Newborn

Can babies be spoiled? No, that’s why!

A child who can count on his parents, who is sure of his bond with them, is a happier and less needy child. Over the years he will become a child first and then an adult, with the courage to face the world independently.

You will surely have come across some family member or acquaintance who, sparing unsolicited advice, told you: ” If you keep picking up your baby every time he cries, you will spoil him “. Or “ If you breastfeed him whenever he wants, you spoil him! ” Or again: “ If he sleeps with you, you won’t get rid of the bed before 10 years! 

Let’s start by applying the first fundamental rule: never pay attention to those who tell you that you pay too much attention to your child. It’s a pun, but an effective one. As a mother you will get unsolicited advice all the time, let it slip your way.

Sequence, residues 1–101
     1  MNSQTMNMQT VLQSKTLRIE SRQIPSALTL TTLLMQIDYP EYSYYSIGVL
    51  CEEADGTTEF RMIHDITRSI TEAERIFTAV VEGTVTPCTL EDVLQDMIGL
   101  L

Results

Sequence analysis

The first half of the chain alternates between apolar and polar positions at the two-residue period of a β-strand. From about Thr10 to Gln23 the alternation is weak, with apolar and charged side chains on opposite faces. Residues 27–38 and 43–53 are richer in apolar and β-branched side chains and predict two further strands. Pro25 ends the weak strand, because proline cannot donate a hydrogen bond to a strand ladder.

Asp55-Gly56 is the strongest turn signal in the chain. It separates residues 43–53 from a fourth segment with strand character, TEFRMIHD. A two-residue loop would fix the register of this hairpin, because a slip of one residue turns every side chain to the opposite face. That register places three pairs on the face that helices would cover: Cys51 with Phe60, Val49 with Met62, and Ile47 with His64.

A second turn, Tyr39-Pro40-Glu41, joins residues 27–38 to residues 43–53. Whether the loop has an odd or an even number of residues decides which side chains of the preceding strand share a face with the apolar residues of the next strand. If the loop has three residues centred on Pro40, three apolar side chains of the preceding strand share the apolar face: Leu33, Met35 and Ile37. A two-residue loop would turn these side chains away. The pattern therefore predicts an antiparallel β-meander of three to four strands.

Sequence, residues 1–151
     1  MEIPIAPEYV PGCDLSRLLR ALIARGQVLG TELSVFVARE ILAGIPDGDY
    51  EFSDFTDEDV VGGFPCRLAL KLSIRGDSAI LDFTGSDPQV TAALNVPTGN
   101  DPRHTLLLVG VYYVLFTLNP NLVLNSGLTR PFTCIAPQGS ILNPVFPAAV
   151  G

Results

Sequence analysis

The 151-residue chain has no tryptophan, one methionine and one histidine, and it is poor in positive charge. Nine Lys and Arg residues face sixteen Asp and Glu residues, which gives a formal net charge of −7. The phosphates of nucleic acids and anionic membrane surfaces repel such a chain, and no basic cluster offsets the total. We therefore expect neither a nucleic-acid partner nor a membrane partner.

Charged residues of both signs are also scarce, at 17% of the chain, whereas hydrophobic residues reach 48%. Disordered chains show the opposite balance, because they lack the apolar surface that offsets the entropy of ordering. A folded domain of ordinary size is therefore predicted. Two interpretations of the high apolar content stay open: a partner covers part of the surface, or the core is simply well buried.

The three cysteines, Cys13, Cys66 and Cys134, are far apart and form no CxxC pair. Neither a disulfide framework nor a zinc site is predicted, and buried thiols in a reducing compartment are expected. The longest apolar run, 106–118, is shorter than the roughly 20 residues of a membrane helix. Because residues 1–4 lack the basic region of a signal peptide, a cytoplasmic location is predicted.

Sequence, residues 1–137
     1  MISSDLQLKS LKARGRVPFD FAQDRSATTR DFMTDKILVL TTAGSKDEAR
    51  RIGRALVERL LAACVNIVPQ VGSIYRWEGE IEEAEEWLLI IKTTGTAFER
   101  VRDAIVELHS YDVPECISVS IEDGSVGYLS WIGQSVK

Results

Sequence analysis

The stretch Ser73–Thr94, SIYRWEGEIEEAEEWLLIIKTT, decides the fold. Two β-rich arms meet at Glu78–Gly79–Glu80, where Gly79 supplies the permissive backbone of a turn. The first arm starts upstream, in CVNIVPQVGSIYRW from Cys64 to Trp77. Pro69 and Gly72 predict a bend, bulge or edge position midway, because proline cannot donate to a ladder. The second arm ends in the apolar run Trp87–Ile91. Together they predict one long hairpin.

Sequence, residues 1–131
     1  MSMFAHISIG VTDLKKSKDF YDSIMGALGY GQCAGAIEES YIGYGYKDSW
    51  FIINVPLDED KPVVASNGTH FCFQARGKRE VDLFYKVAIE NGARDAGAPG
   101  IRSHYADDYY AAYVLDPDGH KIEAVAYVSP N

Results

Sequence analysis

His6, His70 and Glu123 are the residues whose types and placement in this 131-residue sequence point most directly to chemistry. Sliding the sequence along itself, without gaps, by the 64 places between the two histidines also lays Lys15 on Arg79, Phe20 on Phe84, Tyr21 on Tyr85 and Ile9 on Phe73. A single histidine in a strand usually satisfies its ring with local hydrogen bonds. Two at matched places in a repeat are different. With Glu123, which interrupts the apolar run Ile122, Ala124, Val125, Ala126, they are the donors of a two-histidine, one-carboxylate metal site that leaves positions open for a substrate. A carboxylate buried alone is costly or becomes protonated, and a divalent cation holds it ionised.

It is not possible to spoil a newborn and this has been proven by science. Without ifs and buts.

Despite this, in the incorrect imagination of many people, children are compared to little tyrants with their parents at their complete service. A very undignified image, for everyone.

Do spoiled people exist? Of course, there are people who believe that everything is due to them, but there are no spoiled babies. 

It is true that children expect a lot from us. They have intrinsic growth demands that require special care and constant presence. With only 25% of adult brain volume at full term birth, they need an “external uterine” experience to create millions of synapses every second. They have to feel good to grow well. But that doesn’t mean they are spoiled. They are just growing.

Respond to the baby’s cry

Newborns cry because they have basic needs : to be fed, held, comforted, and loved. Their needs are actually the same as their wants at this age. It is our job to listen to our instincts and respond to those needs and desires in the best possible way.

Children communicate when they feel something is wrong. And not only with crying, crying actually happens in an advanced stage of their communication that started much earlier with gestures and grimaces. And it is by living the child up close that you learn to know his needs without necessarily having to cry . And skin-to-skin contact is the beginning of that fundamental path of knowledge.